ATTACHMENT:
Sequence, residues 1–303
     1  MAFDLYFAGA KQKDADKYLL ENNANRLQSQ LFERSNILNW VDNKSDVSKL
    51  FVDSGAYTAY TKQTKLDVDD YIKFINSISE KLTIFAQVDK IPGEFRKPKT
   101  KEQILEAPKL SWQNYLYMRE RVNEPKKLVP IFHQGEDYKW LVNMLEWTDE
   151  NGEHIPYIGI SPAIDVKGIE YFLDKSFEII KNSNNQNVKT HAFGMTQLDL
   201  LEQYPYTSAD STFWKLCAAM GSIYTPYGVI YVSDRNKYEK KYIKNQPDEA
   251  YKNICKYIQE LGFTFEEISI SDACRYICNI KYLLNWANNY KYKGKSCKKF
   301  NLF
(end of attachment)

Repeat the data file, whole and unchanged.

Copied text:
Sequence, residues 1–303
     1  MAFDLYFAGA KQKDADKYLL ENNANRLQSQ LFERSNILNW VDNKSDVSKL
    51  FVDSGAYTAY TKQTKLDVDD YIKFINSISE KLTIFAQVDK IPGEFRKPKT
   101  KEQILEAPKL SWQNYLYMRE RVNEPKKLVP IFHQGEDYKW LVNMLEWTDE
   151  NGEHIPYIGI SPAIDVKGIE YFLDKSFEII KNSNNQNVKT HAFGMTQLDL
   201  LEQYPYTSAD STFWKLCAAM GSIYTPYGVI YVSDRNKYEK KYIKNQPDEA
   251  YKNICKYIQE LGFTFEEISI SDACRYICNI KYLLNWANNY KYKGKSCKKF
   301  NLF